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November 3, 2011

Could Employees Tell You Why They Matter?

Filed under: Communication,General HR Buzz,Management Practices — Tags: — Joyce Marsh, HR Consultant, SPHR @ 9:34 am

My first “real” job – aside from babysitting and a stint working at the movie theater (I still shudder at the thought of cleaning the popcorn popper!) – was at a bank.  As with most young women starting out in banking, I was a teller.  I had one of those bosses who had a genuine passion for his work.  He had started out as a teller as well, and had progressed to branch manager over the years.  He was a father of four, which undoubtedly accounted for his patience with a group of young employees.

Andy listened to what we had to say during our staff meetings, and integrated our ideas into plans to make the branch better for our customers.  When it came to a misunderstanding or issue with a customer, Andy always stood up for us because he knew we were doing what we were supposed to do.  He told us often how every part of our job contributed to the success of the branch.

I thought of him today when I read Patty Azarello’s blog via TLNT. She gives an example from a leadership book she read about a young man who believed his job replacing pens and deposit slips didn’t matter.  She discussed a perennially-popular topic in HR: motivation.  She suggests three keys to successful motivation:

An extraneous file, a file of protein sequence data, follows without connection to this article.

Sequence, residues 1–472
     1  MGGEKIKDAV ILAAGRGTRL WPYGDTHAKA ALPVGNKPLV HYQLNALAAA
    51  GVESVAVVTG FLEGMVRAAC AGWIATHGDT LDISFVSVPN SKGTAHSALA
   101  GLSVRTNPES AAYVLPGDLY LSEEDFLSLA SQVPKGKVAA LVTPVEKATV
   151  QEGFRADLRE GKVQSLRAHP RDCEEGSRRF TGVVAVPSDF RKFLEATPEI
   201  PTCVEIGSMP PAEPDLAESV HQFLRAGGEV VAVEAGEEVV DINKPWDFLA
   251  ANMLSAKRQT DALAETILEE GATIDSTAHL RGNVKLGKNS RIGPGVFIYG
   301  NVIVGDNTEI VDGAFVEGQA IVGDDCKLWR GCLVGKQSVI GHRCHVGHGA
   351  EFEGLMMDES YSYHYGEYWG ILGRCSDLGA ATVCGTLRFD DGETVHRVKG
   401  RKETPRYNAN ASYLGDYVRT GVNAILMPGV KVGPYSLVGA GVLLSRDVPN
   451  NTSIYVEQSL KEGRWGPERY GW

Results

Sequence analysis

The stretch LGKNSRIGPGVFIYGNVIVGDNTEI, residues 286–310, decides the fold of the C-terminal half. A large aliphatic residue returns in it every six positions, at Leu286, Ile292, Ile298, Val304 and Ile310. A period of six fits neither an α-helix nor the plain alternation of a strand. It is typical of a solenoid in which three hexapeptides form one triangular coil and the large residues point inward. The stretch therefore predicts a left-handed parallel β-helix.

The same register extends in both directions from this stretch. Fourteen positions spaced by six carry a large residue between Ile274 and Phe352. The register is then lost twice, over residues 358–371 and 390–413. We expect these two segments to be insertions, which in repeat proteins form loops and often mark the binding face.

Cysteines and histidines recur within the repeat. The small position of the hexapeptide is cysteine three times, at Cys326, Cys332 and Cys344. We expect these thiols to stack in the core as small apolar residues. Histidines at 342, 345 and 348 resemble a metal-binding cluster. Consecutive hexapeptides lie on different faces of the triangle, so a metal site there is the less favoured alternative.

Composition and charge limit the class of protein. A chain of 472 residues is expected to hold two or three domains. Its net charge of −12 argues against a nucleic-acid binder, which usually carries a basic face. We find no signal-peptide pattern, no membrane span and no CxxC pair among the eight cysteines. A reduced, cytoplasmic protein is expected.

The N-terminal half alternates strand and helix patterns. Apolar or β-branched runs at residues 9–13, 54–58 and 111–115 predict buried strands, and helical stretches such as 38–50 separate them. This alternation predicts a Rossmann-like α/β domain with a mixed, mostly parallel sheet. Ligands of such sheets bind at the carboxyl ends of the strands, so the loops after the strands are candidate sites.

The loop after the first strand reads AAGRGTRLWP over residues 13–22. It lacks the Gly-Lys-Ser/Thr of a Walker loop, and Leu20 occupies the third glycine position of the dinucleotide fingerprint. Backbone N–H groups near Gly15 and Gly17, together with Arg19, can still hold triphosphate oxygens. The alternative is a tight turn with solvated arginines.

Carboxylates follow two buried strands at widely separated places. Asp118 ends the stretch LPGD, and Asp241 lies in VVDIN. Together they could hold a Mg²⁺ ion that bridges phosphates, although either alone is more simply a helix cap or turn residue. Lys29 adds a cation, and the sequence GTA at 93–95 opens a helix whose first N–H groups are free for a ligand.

1. “Every job matters.”  As a leader, you need to understand every job in the organization, and how that job connects to the big picture.
  2. “Make sure each employee knows why their job matters.”  She writes of making time with employees to connect the dots.  It is not generally apparent to a frontline employee how their job affects the business, so you have to do that for them.
  3. “Employees who know why their work matters do a better job.”  When someone knows why what they do for a company makes a difference, they can be empowered to do more.

“Helping everyone understand how the P&L works and if their job is part of the P or the L, and how their job impacts the profit, makes a big difference not only to morale, but to cost reduction, creative thinking, and innovation.”

Andy made sure that the employees he worked with knew that they mattered.  What can you do today to connect the dots for your employees?

Read Patty’s blog and share your thoughts on employee motivation with us.

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